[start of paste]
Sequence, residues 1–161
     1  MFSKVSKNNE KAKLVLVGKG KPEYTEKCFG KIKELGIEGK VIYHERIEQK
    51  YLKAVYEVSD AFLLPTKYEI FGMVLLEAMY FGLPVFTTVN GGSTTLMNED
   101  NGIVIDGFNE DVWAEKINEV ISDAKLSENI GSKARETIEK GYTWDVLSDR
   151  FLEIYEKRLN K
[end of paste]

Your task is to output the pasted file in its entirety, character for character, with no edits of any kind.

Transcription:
Sequence, residues 1–161
     1  MFSKVSKNNE KAKLVLVGKG KPEYTEKCFG KIKELGIEGK VIYHERIEQK
    51  YLKAVYEVSD AFLLPTKYEI FGMVLLEAMY FGLPVFTTVN GGSTTLMNED
   101  NGIVIDGFNE DVWAEKINEV ISDAKLSENI GSKARETIEK GYTWDVLSDR
   151  FLEIYEKRLN K